A Marine general violated ethics rules on a recent deployment to Iraq when he asked or allowed his aide to loan him money and run his personal errands, the Pentagon’s inspector general said Thursday.
Marine Brig. Gen. Rick A. Uribe — who had served previously as the inspector general of the Marine Corps — often had his aide pick up his laundry, deliver his meals, write his unofficial correspondence and stand by gym equipment he wanted to use to make sure no one else could use it, the Pentagon IG said in a report.
Uribe also let his aide pay for his haircuts, borrowed cash and used Wi-Fi access she paid for without reimbursing her, the report found.
From May 2016 to June 2017, Uribe was the senior ranking Marine in Iraq as part of the anti-ISIS coalition. He was deputy commanding general for operations in Baghdad and director of the Combined Joint Operations Center. His responsibilities included ordering airstrikes to destroy enemy car bombs, mortars and other heavy weapons.
He told investigators he was often working 18-hour days to support the Iraqi security forces maneuvering to retake cities such as Fallujah and Mosul from ISIS.
Before deploying to Iraq, the general served as IG, where he had responsibility for investigating ethical violations involving the misuse of subordinates.
One witness told investigators “he would have known better” than to request or allow his aide to perform duties for him on official time that had no connection to official duties.
Uribe had also attended ethics training in recent years that witnesses said included instruction on misuse of position, appropriate use of an aide-de-camp and guidance on not accepting gifts from subordinates.
But days after he returned to the U.S. from Iraq in June 2017, a Defense Department hotline complaint alleged that during the course of the one-year deployment, his aide’s “entire existence as aide-de-camp centered on personal servitude.”
In his own defense, Uribe said he was a “frocked” brigadier general, meaning he was a colonel who was selected for promotion and wore the rank of a general, and had never had an aide or any instruction or guidance beyond a few general slides about the use of aides. He said he trusted his aide to tell him if he was asking her to do something improper.
The aide, who is unnamed in the report, told investigators she had told him, “I’m doing a lot more stuff like your personal type of items. Like, that’s not my job as an aide.”
To which she said Uribe replied only, “Understood.”
Some of those personal services included stripping the sheets from the general’s bed and turning them in to be cleaned, as well as spending hours arranging to have his prescription toothpaste shipped to Iraq. The aide also alleged that he hoarded about $150 in chocolates and coffee sent to him by a lieutenant colonel.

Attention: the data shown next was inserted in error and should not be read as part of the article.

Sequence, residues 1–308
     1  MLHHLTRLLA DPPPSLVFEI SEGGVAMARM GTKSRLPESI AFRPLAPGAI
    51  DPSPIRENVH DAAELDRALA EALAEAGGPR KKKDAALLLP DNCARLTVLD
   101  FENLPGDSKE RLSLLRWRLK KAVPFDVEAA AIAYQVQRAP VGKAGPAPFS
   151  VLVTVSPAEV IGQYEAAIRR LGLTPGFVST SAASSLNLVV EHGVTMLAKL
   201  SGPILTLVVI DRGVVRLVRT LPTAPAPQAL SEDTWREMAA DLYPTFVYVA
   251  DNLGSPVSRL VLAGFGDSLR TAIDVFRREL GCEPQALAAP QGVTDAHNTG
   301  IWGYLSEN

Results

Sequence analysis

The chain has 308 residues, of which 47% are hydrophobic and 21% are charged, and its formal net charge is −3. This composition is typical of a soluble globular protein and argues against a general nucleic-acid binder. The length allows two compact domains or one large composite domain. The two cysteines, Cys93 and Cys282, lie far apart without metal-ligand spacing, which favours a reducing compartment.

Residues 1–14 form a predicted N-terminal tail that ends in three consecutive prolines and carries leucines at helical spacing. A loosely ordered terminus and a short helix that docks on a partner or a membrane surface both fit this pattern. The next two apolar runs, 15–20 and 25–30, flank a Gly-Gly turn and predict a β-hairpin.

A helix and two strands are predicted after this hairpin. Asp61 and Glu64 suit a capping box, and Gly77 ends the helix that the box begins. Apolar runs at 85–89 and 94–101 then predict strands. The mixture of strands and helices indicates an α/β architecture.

The investigation found Uribe told the officer in an email he would share the goodies.
The report recommends that Uribe’s supervisor “take appropriate action” and that Uribe reimburse the lieutenant colonel $150 for the coffee and chocolates.
Witnesses said they saw the aide picking up the general’s laundry on several occasions, perhaps even weekly. A Marine Corps ethics expert told the inspector general asking an aide to do so would be wrong.
“The problem is the Secretary of Defense, a retired marine general officer, he’s known right now for going to go get his own laundry (in the Pentagon), period,” the unnamed expert said, according to the report.
There are no Marine Corps standards for use of aides, the IG found, but there is guidance stating that while aides can perform duties that make the work of a general easier, they should not “generally” be employed to perform personal services. The IG recommended that the Pentagon develop a formal policy for the management and use of officer aides.
Uribe told the IG that his aide’s errand-running “significantly assisted me in doing my primary jobs of … concentrating on killing and the annihilation of ISIS … from Iraq.”
In the absence of the service-specific guidance, the IG applied the Joint Ethics Regulation, which bars officials from requesting or coercing subordinates to perform duties outside their official responsibilities and says that military aides cannot be used to support the unofficial activities of another Defense Department employee.
“Although I believe that some of the substantiated allegations are not justified, I realize that I improperly employed my aide and that I improperly accepted small convenience loans from my aide,” Uribe said in an official response included in the IG report. “Where I would never think to engage in these activities in garrison, in the fog of the combat zone, it seemed acceptable somehow.”
Uribe’s predecessor in Iraq, Maj. Gen. William F. Mullen III, never allowed his aide to pick up his laundry, carry things for him, deliver meals or perform other such personal services, the report found.
When asked if an aide should perform such duties, Mullen’s aide said no.
“Am I a leader of Marines or am I a valet?” the aide said, according to the report.
Uribe, who became deputy commanding general of I Marine Expeditionary Force, Marine Corps Base Camp Pendleton, Calif., said he believed he was busier than Mullen, but he said that was not a defense of his actions.
“At the end of the day as a senior leader, the only thing I am entitled to is to be held accountable for my actions,” he said.
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